So what is happening with the digital medium and where is it taking us? Wayne Bischoff unpacks some ideas after taking a look at the New Digital Economy report from PricewaterhouseCoopers that predicts what it calls “the reverse of the digital divide”.
The digital medium may have been planted and nurtured by the so-called First World, but it is in the Third World that it has really taken root and flourished.
The New Digital Economy report from PricewaterhouseCoopers predicts what it calls “the reverse of the digital divide”, where emerging nations take the lead in digital development, due to their willingness to adopt digital technologies. According to the report, two-thirds of executives in emerging markets believe that mobile devices will become the standard for web applications over the next five years, compared with only one-half of executives in advanced economies. And two-thirds of emerging market executives expect businesses to embrace social media and networking, against just one-third of their industrial-market counterparts.
This is closely aligned to another trend prediction from the same report – that of the emerging-market customers taking centre stage.
So, we have willing brands, and willing customers. And that’s a winning recipe.
While 2011 was characterised by heavy infrastructural development (in the form of undersea fibre optic cables and the upgrade of the data backbone), 2012 will see the nation begin to take advantage of digital media.
The fierce competition and resultant price wars have already begun, but expect them to intensify – with the consumer reaping the rewards in the form of increased accessability not only in terms of the necessary hardware to access the digital world, but also a sharp decrease in data costs.
Mobile has always been big in emerging nations, but it’s going to get bigger and better as the once-deep chasm between traditional online and mobile user experiences continues to close. Mobile applications will grow at unprecedented rates as business and brands accept that it has become the preferred medium not only of the masses, but also the elite mavens who lead the pack and cannot live without BlackBerrys, BBM or their iPads.
Trust in the mobile medium will also continue to grow, bringing with it the rise of the mobile virtual wallet such as the likes of mPesa in Kenya, where 50% of the population uses mobile banking. The take off of this phenomenon has been slightly slower in South Africa as the older generation still places more trust in physical premises. But statistics reveal that 21% of the 60% of South Africans who are aware of mobile e-commerce have made use of the service. Short-term insurance, for example, will soon be directly accessible via the mobile network.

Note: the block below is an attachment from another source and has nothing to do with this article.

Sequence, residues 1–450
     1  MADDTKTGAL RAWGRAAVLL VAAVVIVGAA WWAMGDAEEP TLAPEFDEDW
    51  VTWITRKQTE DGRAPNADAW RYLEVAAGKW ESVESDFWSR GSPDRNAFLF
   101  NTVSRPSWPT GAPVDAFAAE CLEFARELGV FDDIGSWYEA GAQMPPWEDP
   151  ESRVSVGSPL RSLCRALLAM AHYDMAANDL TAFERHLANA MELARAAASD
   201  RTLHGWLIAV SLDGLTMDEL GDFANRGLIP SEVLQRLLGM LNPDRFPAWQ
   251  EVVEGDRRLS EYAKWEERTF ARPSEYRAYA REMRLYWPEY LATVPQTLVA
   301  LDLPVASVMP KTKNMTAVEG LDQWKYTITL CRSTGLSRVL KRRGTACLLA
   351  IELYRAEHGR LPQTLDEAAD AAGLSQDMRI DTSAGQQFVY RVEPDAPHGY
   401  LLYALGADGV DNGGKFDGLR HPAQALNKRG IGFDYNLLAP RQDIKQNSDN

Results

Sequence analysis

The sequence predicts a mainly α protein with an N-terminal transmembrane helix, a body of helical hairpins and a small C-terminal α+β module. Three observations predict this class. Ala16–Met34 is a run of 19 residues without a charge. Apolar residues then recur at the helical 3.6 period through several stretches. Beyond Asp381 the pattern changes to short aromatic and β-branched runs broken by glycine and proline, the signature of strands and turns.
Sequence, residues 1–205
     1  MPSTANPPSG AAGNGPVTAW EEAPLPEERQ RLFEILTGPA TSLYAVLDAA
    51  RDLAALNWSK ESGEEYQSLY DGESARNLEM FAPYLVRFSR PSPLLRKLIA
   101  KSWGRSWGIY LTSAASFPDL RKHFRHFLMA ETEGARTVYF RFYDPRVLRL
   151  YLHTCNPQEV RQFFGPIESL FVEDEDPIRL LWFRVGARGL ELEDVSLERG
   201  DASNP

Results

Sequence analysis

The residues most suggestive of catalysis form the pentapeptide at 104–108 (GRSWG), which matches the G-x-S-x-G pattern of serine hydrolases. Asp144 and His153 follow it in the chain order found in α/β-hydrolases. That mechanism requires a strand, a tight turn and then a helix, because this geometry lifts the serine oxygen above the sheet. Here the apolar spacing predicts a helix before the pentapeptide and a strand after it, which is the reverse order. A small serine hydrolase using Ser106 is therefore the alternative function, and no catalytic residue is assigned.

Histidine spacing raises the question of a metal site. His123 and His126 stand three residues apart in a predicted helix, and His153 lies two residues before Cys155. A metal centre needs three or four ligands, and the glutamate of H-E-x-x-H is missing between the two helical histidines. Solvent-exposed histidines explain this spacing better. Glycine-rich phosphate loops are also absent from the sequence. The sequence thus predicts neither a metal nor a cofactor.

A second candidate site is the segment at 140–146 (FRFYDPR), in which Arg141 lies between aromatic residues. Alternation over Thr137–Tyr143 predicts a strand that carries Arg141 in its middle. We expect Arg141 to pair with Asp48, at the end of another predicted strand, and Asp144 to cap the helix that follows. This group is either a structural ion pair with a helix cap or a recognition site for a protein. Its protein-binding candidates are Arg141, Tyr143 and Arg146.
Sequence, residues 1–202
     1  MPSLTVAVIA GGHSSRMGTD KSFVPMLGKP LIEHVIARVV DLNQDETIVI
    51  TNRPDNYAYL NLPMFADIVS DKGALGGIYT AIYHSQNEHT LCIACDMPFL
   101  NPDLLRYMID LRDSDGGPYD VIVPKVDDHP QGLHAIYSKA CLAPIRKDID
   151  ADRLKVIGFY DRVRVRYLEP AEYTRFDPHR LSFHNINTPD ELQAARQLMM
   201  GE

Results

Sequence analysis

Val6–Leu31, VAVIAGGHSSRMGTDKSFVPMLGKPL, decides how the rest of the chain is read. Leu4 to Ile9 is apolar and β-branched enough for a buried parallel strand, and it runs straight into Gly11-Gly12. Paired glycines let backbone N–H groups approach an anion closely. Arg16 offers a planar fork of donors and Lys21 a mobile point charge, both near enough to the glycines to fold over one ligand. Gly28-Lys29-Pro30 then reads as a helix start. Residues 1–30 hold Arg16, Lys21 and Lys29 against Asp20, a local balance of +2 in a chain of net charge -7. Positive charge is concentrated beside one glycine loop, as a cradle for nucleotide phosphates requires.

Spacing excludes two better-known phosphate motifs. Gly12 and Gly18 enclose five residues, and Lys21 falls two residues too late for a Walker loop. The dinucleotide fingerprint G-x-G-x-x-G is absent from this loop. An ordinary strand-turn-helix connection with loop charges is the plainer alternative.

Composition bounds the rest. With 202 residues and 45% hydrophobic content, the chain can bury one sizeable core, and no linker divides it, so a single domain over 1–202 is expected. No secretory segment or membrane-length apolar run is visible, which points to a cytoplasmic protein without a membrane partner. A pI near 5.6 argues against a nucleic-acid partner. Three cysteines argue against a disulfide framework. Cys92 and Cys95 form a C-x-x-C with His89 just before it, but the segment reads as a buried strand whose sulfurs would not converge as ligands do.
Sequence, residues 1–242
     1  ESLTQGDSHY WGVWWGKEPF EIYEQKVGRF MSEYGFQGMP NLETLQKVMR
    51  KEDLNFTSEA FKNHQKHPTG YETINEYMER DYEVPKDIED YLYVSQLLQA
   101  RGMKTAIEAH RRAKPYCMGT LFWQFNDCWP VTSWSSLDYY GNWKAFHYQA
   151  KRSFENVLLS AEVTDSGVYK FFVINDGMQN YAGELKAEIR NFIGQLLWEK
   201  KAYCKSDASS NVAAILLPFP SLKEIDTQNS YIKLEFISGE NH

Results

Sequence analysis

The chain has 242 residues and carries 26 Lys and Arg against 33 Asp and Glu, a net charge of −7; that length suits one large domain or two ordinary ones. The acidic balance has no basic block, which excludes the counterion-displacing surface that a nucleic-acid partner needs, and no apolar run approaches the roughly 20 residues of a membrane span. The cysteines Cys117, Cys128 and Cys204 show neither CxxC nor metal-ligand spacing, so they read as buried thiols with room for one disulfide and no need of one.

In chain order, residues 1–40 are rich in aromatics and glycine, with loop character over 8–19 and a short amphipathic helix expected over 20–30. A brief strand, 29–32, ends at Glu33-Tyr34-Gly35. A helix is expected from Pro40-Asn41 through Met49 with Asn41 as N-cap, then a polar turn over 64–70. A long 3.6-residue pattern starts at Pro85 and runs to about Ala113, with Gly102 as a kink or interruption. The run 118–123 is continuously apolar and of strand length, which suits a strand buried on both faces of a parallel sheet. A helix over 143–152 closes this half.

Closely aligned to this is the growth of mobile couponing whereby a virtual coupon is sent to a user’s mobile phone and can be redeemed at various retail outlets simply by providing a unique six-digit sequence to the teller.
The benefits of mobile couponing are enormous – it can accurately target the burgeoning middle class that is notoriously difficult to reach in terms of mass market media options. It is also trackable – a marketer will know exactly which mobile consumer redeemed the coupon by date, time, and store location, thereby enriching their data profiling.
The social media trend will continue to dominate the digital space for the foreseeable future. The reality is that customers are using social networks to connect and talk about brands, whether or not these brands are active in the space. Those that are active are using the medium to conduct two-way conversations with their customers, in this way deepening their relationships with these customers.
In 2012, brands will begin to monetise the social medium. Research giant Gartner predicts that by 2015, half of all online sales will be generated through social media and mobile applications.
Location-based services are also expected to take off as brands begin to push personalised content to people with mobile devices who subscribe to services such as Facebook’s Check-In Deals, recently launched in South Africa by Habari Media.
As smartphones become more prevalent, so consumers will demand brands to produce experiences to match, and smart brands will respond. Mobi sites providing a good user experience will thrive.
The year 2012 will see more brands embracing online video as a powerful advertising medium. Video is a critical part of the digital solutions suite and highly effective at driving user engagement.
Last, but not least, keep an eye on Google+. It will be interesting to see if this recent addition to the social media landscape becomes a mainstream route for customer engagement. The key attraction for business and brands is the link with the Google search function, by including Google+ pages in search results.
Also watch the growth of Direct Connect, which enables people to find a brand’s Google+ page, and follow that brand if so desired by simply typing a + before the brand name into search results.
Social media is only going to become more powerful and is expected to become more so than all traditional media combined. So we clearly in for an interesting online year.
Wayne Bischoff is MD of Habari Media.
This story was first published in The Media magazine.